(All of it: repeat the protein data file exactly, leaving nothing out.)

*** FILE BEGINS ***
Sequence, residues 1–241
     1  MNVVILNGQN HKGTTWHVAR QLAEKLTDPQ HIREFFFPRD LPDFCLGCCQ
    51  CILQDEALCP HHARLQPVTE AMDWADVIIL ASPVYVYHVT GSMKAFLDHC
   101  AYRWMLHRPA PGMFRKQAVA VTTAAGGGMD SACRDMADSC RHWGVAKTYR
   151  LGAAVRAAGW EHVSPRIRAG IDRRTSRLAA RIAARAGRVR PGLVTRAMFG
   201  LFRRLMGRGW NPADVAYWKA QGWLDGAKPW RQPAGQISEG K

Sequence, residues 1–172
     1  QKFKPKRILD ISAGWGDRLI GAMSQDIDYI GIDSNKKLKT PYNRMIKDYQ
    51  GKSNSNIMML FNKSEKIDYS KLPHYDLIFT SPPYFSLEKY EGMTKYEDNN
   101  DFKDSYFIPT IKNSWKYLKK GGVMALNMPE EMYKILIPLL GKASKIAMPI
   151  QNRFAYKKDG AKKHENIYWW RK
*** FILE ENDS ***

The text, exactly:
Sequence, residues 1–241
     1  MNVVILNGQN HKGTTWHVAR QLAEKLTDPQ HIREFFFPRD LPDFCLGCCQ
    51  CILQDEALCP HHARLQPVTE AMDWADVIIL ASPVYVYHVT GSMKAFLDHC
   101  AYRWMLHRPA PGMFRKQAVA VTTAAGGGMD SACRDMADSC RHWGVAKTYR
   151  LGAAVRAAGW EHVSPRIRAG IDRRTSRLAA RIAARAGRVR PGLVTRAMFG
   201  LFRRLMGRGW NPADVAYWKA QGWLDGAKPW RQPAGQISEG K

Sequence, residues 1–172
     1  QKFKPKRILD ISAGWGDRLI GAMSQDIDYI GIDSNKKLKT PYNRMIKDYQ
    51  GKSNSNIMML FNKSEKIDYS KLPHYDLIFT SPPYFSLEKY EGMTKYEDNN
   101  DFKDSYFIPT IKNSWKYLKK GGVMALNMPE EMYKILIPLL GKASKIAMPI
   151  QNRFAYKKDG AKKHENIYWW RK